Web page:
Thunderstorms happen year-round in Arizona, but they are most common during the monsoon (mid-June through September). In Arizona, severe thunderstorms can produce heavy rain, flash flooding, dangerous winds, hail, dust storms and lightning. Lightning continues to be one of the top three storm-related killers in the United States.
Sign up for your community’s warning system. Consider opting in to alerts from your county or tribal emergency management office as well as your local National Weather Service branch.
Identify nearby, sturdy buildings close to where you live, work, study, and play.
Cut down or trim trees that may be in danger of falling on your home.
In case of flash flooding, plan alternate routes to and from places you frequent that avoid low-lying areas.
Familiarize yourself with these terms to help identify a thunderstorm hazard:
Severe Thunderstorm Watch—Tells you when and where severe thunderstorms are likely to occur. Watch the sky and tune to local radio or television for information.
Severe Thunderstorm Warning—Issued when severe weather has been reported by spotters or indicated by radar. Warnings indicate imminent danger to those in the path of the storm.
When thunder roars, go indoors. A sturdy building is the safest place to be during a thunderstorm.
Pay attention to weather reports and warnings of thunderstorms. Be ready to change plans, if necessary, to be near shelter.
When you receive a thunderstorm warning or hear thunder, go inside immediately.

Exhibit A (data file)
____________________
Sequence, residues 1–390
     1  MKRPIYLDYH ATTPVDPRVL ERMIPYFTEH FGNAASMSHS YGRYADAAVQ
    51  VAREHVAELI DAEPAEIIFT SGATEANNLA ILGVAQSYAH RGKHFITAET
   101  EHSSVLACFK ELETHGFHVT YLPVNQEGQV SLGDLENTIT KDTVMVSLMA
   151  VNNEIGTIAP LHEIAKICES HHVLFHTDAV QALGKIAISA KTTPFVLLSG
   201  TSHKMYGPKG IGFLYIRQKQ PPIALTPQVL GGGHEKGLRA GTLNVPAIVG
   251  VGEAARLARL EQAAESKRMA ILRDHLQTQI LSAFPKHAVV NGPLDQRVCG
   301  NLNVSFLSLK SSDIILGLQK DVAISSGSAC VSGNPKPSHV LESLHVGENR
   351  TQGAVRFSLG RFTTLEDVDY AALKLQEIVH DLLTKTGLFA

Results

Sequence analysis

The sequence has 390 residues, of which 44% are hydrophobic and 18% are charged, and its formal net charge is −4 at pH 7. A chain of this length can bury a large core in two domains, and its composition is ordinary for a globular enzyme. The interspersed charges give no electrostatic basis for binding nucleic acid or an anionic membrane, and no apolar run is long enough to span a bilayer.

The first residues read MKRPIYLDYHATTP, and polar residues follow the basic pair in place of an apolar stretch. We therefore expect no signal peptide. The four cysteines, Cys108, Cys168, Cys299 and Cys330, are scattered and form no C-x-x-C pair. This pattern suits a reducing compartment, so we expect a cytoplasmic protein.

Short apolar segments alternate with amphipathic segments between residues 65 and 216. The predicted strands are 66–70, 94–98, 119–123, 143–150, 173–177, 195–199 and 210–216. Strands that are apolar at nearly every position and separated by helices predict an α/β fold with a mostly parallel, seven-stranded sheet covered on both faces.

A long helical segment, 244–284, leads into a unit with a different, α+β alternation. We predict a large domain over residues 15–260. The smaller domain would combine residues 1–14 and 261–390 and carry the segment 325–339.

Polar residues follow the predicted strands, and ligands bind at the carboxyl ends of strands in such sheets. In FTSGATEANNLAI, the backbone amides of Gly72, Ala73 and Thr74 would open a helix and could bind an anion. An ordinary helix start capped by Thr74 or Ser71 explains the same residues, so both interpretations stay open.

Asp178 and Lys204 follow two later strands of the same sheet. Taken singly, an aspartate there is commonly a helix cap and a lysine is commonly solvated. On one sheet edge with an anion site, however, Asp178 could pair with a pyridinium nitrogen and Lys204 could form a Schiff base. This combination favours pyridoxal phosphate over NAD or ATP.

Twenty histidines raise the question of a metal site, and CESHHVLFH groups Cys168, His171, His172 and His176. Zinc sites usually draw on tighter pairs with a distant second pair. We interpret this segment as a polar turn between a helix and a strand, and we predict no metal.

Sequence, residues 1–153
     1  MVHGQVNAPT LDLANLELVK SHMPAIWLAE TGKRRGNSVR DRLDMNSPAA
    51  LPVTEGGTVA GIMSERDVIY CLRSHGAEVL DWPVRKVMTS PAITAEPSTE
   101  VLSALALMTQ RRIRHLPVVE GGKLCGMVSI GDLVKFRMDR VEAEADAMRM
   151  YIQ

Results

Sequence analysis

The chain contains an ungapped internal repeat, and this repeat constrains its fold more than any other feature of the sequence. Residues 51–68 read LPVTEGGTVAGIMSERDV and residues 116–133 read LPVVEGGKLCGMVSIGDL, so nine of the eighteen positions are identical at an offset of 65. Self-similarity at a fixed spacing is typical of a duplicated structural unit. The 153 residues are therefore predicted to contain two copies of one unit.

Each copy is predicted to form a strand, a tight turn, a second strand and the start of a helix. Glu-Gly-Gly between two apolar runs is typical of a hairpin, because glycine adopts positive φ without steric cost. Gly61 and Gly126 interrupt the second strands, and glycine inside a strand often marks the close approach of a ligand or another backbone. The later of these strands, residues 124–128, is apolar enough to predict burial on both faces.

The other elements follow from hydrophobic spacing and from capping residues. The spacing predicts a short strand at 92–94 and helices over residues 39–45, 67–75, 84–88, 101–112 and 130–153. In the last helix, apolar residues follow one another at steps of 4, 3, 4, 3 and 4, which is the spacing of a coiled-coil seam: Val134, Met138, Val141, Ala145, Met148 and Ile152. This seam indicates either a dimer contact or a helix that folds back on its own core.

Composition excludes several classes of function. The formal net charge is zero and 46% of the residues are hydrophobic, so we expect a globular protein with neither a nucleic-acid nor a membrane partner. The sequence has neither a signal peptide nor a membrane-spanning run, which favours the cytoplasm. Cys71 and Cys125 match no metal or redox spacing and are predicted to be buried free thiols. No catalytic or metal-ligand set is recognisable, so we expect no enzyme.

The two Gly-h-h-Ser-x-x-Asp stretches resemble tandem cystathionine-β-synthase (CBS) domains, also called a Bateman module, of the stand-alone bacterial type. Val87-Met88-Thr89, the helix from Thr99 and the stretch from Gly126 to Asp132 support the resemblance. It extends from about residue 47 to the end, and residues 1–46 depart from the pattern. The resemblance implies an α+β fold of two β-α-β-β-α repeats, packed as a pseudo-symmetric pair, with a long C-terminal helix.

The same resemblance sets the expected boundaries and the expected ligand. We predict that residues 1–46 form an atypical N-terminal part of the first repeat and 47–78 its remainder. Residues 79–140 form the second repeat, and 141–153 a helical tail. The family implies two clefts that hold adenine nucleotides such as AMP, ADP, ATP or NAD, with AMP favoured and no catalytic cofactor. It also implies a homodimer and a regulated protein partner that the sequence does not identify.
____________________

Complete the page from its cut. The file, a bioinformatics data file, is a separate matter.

If indoors, avoid running water or using landline phones. Electricity can travel through plumbing and phone lines.
Protect your property. Unplug appliances and other electric devices. Secure outside furniture.
If boating or swimming, get to land and find a sturdy, grounded shelter or vehicle immediately.
If necessary, take shelter in a car with a metal top and sides. Do not touch anything metal.
Avoid flooded roadways. Just six inches of fast-moving water can knock you down, and one foot of moving water can sweep your vehicle away.
If you’re outside away from shelter when thunder and lightning hit squat low to the ground in the lowest place you see, but be alert for flash flooding.
Never drive through a flooded roadway. Turn around, don’t drown!
Stay away from storm-damaged areas and downed power lines. Report post-storm hazards to the appropriate local authorities.
Listen to a NOAA Weather Radio or to local radio and television stations for updated information or instructions regarding potential flash flooding. Check in with your local National Weather Service branch on social media.
Stay away from downed power lines and report them immediately.